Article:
Highlights from the August 2023 Issue

Editor’s Note: We asked authors of Original Investigations to provide short plain-language summaries that would briefly summarize what inspired their study, the basic approach taken, what was learned, and why it matters. We hope our readers will find this valuable in helping them keep up with the latest research in the field of nephrology. Highlights from the August 2023 issue:

Proton Pump Inhibitor Use, Fatigue, and Health-Related Quality of Life in Kidney Transplant Recipients: Results From the TransplantLines Biobank and Cohort Study by Tim J. Knobbe et al [OPEN ACCESS]

From the authors: In this observational study, we investigated the association of proton pump inhibitors with fatigue and health-related quality of life among kidney transplant recipients. Our data showed that proton pump inhibitors were independently associated with fatigue severity, severe fatigue, and lower physical and mental health-related quality of life. These associations were present among all individually assessed proton pump inhibitor types and were dose dependent. While we await future studies on this topic, proton pump inhibitor use might be an easily accessible target for alleviating fatigue and improving health-related quality of life among kidney transplant recipients.

DOI: 10.1053/j.ajkd.2022.12.012

Ultraprocessed Foods and Kidney Disease Progression, Mortality, and Cardiovascular Disease Risk in the CRIC Study by Valerie K. Sullivan et al 

From the authors: Ultraprocessed foods are industrial formulations produced using ingredients and processes that are not commonly used in culinary preparations and contain few, if any, intact unprocessed foods. Ultraprocessed foods are widely consumed in the United States, and high intakes of such foods have been linked to cardiovascular disease, kidney disease, and mortality in the general population. In this study, we found that greater intake of ultraprocessed foods was associated with higher risk of kidney disease progression and mortality in adults with chronic kidney disease. Our findings suggest that patients with kidney disease may benefit from greater consumption of fresh, whole, and homemade or hand-prepared foods and fewer highly processed foods.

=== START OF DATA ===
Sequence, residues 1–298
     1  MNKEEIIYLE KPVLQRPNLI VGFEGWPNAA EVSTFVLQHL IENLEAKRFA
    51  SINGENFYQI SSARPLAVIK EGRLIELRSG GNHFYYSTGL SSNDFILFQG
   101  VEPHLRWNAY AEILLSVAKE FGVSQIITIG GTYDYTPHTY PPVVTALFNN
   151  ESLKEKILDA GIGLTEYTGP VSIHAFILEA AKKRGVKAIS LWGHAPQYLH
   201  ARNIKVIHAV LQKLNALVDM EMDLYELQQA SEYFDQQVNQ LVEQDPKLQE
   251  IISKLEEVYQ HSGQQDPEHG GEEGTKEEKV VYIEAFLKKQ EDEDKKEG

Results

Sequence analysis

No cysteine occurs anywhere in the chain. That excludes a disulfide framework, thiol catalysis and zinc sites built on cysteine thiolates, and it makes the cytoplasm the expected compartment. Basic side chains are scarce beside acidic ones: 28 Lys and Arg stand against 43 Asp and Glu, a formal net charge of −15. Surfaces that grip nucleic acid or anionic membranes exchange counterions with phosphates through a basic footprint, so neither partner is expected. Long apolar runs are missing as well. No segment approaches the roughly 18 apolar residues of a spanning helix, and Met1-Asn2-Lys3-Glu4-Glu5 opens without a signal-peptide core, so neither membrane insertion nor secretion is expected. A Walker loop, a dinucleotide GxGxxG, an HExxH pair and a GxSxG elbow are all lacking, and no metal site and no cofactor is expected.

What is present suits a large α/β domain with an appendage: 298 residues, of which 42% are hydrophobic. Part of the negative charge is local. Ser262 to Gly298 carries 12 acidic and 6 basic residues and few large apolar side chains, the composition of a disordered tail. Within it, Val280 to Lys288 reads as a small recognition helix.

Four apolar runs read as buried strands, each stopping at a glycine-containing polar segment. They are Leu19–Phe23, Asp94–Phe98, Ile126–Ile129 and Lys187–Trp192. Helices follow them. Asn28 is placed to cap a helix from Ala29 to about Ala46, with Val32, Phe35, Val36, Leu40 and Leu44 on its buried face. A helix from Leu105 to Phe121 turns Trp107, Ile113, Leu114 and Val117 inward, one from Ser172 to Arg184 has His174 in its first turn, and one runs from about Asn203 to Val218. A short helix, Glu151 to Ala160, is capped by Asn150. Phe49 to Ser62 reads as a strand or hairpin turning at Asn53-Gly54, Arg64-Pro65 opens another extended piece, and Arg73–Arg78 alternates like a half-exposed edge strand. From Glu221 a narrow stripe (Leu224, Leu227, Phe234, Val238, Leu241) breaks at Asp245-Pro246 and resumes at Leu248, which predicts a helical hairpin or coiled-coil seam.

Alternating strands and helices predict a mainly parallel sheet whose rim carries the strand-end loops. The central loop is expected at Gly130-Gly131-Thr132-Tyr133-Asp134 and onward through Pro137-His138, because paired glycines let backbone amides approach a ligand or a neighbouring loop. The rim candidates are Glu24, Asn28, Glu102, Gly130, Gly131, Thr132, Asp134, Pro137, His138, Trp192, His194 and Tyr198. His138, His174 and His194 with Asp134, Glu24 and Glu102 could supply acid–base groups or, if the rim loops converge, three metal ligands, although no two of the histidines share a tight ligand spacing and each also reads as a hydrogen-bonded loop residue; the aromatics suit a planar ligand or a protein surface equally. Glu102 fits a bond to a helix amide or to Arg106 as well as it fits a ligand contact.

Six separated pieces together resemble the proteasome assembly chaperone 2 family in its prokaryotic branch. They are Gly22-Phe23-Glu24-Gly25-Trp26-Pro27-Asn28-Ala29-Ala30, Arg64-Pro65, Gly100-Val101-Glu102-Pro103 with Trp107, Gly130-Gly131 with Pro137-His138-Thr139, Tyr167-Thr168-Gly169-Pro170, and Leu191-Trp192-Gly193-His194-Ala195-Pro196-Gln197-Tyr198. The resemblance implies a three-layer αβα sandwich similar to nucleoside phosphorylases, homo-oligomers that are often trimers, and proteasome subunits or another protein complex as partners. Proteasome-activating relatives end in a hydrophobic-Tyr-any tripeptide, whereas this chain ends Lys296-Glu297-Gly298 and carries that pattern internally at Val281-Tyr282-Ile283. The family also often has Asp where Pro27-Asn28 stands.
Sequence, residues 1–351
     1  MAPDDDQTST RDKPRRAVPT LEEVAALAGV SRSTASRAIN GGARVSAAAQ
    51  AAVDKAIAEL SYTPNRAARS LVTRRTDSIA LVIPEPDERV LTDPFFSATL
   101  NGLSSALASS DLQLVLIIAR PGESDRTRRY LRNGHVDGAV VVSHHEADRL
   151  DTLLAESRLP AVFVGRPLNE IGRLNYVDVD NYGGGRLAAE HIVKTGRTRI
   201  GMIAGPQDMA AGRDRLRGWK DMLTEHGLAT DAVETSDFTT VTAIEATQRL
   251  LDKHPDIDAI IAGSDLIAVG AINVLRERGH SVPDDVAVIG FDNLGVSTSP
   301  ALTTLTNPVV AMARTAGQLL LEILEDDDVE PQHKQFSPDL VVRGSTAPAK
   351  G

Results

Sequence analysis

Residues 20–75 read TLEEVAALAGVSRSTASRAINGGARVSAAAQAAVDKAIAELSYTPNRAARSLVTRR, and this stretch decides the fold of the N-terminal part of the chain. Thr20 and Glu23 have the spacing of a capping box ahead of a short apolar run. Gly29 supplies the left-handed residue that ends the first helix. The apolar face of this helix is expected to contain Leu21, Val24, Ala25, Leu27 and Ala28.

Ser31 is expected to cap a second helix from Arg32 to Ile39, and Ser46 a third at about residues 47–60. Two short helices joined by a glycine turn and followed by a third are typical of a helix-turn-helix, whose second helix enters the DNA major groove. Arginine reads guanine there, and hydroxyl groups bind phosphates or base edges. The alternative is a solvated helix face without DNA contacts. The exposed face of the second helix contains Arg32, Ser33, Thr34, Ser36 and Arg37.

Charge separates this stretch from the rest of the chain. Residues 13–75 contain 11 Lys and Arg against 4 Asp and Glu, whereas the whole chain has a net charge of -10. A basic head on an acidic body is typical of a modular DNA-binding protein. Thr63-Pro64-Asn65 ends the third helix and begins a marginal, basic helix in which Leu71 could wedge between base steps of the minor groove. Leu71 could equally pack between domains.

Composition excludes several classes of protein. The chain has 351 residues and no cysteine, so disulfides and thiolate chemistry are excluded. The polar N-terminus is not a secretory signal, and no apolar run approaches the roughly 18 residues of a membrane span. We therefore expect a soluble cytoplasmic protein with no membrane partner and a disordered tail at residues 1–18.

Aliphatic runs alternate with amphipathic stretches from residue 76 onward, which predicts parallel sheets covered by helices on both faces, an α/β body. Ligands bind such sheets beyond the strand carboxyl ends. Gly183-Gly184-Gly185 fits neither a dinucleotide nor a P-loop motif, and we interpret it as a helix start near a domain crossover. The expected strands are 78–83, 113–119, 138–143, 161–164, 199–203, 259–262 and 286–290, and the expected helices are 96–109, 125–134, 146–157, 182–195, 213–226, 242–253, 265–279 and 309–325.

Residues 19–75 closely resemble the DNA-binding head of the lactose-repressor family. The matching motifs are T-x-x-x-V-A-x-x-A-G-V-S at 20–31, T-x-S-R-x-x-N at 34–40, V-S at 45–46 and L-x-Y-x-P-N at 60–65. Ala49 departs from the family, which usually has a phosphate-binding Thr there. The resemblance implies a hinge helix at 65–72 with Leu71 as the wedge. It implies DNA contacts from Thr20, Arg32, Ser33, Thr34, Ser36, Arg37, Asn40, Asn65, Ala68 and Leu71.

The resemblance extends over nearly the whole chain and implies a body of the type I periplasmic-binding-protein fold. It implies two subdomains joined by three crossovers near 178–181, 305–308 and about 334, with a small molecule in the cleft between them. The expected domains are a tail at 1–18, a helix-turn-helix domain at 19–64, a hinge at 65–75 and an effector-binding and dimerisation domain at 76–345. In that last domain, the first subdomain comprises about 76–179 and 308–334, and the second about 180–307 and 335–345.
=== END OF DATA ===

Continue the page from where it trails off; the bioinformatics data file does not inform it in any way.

DOI: 10.1053/j.ajkd.2023.01.452

Patient-Reported Outcomes Over 24 Months in Pediatric CKD: Findings From the MyKidneyHealth Cohort Study by Sandra Amaral et al

From the authors: Children with chronic kidney disease (CKD) have many treatment demands and experience many systemic effects. How CKD impacts the daily life of a child is poorly understood. We surveyed 212 children, adolescents, and younger adults with CKD and their parents over 24 months to assess the participants’ well-being over time. Among children, adolescents, and younger adults with CKD we found a very high and persistent burden of psychological distress that did not differ by degree of CKD or type of kidney disease. The participants with CKD endorsed greater impairment in fatigue and global health compared with healthy children, adolescents, and younger adults, and parent-reported sleep problems were associated with poorer patient-reported outcome (PRO) scores across all domains. These findings emphasize the importance of including PRO measures, including fatigue and sleep measures, into routine clinical care to optimize the lived experience of children with CKD.